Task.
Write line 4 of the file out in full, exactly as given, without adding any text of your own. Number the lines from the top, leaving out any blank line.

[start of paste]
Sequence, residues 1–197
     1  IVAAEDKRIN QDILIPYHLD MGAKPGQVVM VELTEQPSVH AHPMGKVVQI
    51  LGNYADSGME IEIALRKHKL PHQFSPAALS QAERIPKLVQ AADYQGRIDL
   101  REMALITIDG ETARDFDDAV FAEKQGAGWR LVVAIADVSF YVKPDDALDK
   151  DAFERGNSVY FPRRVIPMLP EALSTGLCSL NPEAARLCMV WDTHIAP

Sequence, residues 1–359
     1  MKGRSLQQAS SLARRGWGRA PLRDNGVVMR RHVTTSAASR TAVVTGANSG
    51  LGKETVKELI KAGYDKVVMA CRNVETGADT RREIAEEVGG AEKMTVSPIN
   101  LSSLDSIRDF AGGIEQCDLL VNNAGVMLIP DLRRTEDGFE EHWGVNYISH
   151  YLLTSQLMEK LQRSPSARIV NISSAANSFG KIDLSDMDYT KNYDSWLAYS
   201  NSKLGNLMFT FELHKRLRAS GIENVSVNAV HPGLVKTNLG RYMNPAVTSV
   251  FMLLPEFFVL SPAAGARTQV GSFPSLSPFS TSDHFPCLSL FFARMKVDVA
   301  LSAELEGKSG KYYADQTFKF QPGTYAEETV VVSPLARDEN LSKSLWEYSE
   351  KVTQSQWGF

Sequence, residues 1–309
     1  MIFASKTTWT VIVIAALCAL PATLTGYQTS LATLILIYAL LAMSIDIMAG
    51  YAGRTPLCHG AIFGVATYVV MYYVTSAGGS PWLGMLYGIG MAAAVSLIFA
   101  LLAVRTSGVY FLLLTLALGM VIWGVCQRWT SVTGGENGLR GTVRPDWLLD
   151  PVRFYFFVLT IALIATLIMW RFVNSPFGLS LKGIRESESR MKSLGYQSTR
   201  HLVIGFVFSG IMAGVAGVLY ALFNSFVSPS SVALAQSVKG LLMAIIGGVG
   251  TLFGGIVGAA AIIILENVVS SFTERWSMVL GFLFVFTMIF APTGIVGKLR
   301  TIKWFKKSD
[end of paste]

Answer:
   101  REMALITIDG ETARDFDDAV FAEKQGAGWR LVVAIADVSF YVKPDDALDK